A nifty tip for this is to ask customers to write and share site or product reviews on social and then track who is actually sharing and what they’re saying.

Word-of-mouth is measurable. So stop guessing.

The data on who is actually sharing is staring you right in the face. Start using it.

3) Rely on Exit and Abandonment Rates Instead of Focus Groups

Focus groups were once a great way to gather insight into what you customers wanted, how they react to products, and how they behave while using your products.

For quicker, more reliable results (again – what people say isn’t always what they do), replace focus groups with data.

Learn how customers navigate your products and sites by tracking their on-site behavior.

Track exit rates on specific pages and pinpoint where cart abandonment happens in order to see your weak points.

High exit rates can be attributed to specific landing pages so you can understand what part of the buying process may have not been great.

High cart abandonment rates can also be better understood by figuring out when customers decide to ditch.

 

4) Read into Product Reviews – Including the Negative Ones!

Product reviews are a valuable source of feedback that can allow you to measure real-time responses to your products.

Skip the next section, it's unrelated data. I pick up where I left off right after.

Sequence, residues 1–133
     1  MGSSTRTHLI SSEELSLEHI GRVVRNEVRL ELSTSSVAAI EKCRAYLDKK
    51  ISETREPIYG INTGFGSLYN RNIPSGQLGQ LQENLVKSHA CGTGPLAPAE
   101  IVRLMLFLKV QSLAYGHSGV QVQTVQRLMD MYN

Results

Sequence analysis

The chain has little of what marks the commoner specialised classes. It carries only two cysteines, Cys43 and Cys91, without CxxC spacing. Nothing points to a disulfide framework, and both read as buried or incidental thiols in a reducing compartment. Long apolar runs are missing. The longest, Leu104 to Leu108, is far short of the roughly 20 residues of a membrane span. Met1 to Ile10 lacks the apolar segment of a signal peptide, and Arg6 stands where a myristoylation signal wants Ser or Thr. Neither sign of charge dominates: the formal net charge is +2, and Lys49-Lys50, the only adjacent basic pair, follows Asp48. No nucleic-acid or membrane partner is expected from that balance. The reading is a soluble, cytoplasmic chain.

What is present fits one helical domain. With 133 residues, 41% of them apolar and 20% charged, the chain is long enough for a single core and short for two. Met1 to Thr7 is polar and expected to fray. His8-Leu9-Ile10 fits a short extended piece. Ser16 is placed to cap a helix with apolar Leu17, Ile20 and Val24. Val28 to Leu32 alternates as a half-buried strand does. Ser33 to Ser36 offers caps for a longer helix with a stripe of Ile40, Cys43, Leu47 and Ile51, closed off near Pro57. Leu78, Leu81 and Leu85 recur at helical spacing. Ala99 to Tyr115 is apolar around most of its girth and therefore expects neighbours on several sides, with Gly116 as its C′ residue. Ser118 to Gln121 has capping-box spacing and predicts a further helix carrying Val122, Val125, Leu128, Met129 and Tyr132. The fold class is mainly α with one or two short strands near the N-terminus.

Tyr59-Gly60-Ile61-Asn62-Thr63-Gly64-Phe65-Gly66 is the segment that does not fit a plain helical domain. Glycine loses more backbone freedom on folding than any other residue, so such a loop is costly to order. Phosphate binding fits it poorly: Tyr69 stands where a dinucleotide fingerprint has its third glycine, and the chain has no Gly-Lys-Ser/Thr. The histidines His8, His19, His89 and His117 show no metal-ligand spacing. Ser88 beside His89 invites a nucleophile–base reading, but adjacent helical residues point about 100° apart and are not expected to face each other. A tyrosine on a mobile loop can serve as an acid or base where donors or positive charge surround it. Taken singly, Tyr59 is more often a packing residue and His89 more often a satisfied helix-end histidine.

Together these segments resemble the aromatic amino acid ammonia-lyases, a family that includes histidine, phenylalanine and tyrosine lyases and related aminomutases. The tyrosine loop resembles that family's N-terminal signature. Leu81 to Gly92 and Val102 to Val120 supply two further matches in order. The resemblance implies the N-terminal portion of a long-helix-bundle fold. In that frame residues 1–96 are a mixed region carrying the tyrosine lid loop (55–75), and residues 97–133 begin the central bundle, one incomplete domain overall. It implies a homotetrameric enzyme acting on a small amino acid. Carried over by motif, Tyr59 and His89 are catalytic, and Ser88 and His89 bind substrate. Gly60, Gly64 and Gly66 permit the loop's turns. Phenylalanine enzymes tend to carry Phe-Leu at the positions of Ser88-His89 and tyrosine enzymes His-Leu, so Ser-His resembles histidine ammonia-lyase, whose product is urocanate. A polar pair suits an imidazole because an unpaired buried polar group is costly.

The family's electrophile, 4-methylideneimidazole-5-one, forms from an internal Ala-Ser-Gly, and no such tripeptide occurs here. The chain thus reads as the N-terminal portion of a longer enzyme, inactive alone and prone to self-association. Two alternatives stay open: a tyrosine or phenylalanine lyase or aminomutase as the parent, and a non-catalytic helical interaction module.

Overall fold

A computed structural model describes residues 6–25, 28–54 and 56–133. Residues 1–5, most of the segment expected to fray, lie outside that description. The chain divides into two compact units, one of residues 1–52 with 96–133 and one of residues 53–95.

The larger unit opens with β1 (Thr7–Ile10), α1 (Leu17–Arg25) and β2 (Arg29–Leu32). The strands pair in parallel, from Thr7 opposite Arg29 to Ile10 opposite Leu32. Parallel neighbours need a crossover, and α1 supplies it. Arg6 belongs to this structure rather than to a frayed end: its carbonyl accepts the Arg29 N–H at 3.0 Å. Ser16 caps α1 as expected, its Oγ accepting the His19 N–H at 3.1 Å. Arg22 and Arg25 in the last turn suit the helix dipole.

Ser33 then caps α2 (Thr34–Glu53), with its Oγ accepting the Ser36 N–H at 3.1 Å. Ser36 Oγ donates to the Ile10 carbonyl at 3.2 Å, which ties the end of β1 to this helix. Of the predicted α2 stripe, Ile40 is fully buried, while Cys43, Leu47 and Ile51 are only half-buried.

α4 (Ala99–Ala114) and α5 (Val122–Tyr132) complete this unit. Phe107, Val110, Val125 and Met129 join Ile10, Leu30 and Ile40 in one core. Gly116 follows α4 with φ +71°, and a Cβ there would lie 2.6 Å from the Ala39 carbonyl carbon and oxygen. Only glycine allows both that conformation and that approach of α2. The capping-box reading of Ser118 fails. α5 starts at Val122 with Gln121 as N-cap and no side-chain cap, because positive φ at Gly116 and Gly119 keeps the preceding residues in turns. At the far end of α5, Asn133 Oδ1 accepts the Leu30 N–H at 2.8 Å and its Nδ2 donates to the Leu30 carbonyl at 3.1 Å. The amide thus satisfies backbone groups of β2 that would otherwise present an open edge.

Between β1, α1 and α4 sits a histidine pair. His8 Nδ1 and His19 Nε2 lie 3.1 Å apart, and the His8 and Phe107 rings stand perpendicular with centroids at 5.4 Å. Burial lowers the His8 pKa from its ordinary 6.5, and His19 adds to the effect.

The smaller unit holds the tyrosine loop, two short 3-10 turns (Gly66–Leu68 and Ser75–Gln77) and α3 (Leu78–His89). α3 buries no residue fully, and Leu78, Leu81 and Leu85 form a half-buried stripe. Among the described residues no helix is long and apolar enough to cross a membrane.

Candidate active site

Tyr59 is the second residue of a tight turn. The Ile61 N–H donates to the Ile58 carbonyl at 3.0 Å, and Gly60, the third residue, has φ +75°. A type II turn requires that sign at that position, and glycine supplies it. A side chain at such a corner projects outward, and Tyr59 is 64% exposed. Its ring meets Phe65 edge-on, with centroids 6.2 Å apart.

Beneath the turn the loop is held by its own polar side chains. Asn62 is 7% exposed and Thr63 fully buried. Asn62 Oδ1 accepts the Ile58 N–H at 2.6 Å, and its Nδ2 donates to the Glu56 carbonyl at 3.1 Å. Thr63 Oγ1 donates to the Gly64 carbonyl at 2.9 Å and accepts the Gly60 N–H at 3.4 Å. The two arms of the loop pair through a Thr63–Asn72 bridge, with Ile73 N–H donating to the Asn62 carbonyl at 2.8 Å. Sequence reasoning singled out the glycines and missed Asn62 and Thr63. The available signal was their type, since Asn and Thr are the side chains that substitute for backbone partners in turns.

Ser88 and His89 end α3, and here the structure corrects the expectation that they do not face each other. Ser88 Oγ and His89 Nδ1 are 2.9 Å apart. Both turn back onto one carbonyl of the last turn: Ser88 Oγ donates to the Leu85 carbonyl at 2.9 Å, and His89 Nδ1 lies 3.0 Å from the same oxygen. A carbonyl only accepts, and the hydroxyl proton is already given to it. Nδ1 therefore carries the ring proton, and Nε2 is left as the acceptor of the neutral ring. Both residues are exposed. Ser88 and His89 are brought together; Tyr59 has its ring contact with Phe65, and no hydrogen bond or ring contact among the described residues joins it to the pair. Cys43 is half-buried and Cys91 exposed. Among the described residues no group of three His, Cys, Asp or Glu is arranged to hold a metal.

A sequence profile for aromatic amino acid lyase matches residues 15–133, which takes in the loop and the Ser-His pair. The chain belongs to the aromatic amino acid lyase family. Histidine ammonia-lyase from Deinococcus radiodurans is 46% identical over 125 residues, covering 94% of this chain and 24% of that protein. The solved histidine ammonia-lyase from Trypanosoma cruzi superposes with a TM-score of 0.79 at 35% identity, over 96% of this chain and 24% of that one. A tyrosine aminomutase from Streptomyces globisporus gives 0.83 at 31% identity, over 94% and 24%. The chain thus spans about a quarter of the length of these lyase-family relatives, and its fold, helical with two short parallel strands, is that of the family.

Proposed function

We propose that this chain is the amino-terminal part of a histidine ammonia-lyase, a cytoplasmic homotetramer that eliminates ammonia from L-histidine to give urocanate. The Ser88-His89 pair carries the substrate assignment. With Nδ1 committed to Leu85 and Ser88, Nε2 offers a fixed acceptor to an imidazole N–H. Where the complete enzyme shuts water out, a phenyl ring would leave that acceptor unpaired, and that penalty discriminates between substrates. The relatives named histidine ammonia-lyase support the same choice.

Read into your product reviews and identify whether issues are repeated or one-time occurences.

Additionally, use negative product reviews to your advantage.

Commenting or responding to reviews is an excellent way to increase on-site conversion by showing people your brand truly cares.

People love to see that you heard out their complaints and want to make a change, and it shows other people that customer satisfaction is a priority to you.

5) Find Out What Customers Want (What They Really, Really Want)

All the customer satisfaction KPIs don’t matter if you’re not measuring what matters to your customers.

Maybe your customers aren’t concerned with waiting a bit longer for products as long as you keep offering free international shipping. Or maybe they would rather have instant social support than 24/7 phone support.

You need to align your customer satisfaction KPIs with the things that really matter.

Stop measuring customer satisfaction KPIs that are irrelevant, so you can focus your attention on building a positive customer experience..

Aimee Millwood
Aimee Millwood, Director of Content at Yotpo
Aimee loves hummus and hates misplaced commas.

@aimeemillwood – Follow me

  • Daugvinas

    2) point is terrible. Most of the customer are and probably will continue to share their opinion in private. Social-of-mouth is measurable but that’s just a tip of an iceberg.

    • I definitely agree that most of the customers will continue to share their opinion offline, but the reach in that is so small. Offline and organically, at maximum an average person would probably tell 10-100 people about a brand they love or great customer experience they have. Online, their opinion has so much more reach, and brands can capitalize on this and offer incentives like discounts etc. for user opinions.